“The principal job [at 1871] is connecting everybody, all the resources, all the people, all the companies,” Tullman told Mattermark. “Making this place work economically is a significant part of what our team does: connecting the big companies, the sponsors, with the startups; connecting the startups with technology companies; and connecting universities with opportunities to commercialize their technologies.”

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Apart from his duties at 1871, Tullman is also the general managing partner of G2T3V, a venture capital fund Tullman and associates started in 2013.

Building a Sustainable Innovation Hub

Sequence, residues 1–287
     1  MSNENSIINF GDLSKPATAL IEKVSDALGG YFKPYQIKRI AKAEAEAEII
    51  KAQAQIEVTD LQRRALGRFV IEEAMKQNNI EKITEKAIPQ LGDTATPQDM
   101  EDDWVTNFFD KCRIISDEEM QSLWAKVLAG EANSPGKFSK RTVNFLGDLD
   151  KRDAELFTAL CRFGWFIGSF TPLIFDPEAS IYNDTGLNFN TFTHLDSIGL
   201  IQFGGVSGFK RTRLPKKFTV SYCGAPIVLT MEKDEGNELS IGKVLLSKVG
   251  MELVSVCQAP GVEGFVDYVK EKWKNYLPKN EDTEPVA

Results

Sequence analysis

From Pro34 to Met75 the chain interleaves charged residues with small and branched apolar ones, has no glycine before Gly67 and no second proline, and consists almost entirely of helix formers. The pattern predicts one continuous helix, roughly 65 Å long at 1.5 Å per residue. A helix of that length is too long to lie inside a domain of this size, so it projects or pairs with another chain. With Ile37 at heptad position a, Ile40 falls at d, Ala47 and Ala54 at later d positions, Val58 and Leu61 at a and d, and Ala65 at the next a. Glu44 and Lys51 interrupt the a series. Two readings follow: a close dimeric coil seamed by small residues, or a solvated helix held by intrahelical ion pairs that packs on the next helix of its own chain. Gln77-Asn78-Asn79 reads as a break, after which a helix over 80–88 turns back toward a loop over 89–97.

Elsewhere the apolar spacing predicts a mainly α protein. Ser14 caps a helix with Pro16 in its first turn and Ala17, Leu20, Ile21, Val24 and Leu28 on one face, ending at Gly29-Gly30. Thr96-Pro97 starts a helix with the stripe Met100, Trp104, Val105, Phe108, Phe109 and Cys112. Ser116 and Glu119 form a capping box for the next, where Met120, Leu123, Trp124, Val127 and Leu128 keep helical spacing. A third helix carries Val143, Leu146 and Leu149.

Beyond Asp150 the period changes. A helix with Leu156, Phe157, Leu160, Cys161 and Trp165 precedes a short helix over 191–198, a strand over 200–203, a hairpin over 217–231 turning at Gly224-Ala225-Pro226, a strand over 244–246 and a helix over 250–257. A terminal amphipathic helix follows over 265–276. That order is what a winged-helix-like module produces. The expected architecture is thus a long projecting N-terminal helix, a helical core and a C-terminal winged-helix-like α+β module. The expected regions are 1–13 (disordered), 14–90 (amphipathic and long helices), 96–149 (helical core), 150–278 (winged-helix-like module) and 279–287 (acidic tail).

At start, the 1871 innovation hub started as a kind of joint, public-private collaboration. With resources from local government and private benefactors—most notably $1 million from J.B. Pritzker at launch—the space was able to get off the ground. Although it’s a non-profit, 1871’s leadership has had to wean the organization off of public-sector funding.

According to Tullman, “zero percent” of 1871’s financial support comes from government sources and hasn’t “in years.” However, it bears mentioning that, as recently as 2014, 1871’s parent organization received $315,000 in government grants. (Page 9, Line Item 1E.)

The primary source of 1871’s revenue is from donors. Its main fundraising event, the Momentum dinner, is a $1000 per plate affair with sponsorship packages available for startup and corporate partners.

Additionally, all members pay rent of some form or another to use the space. 1871 is also home to a number of incubators and accelerators, university outposts, as well as the offices of several startups and venture capital firms, each of which pay additional rent for their space.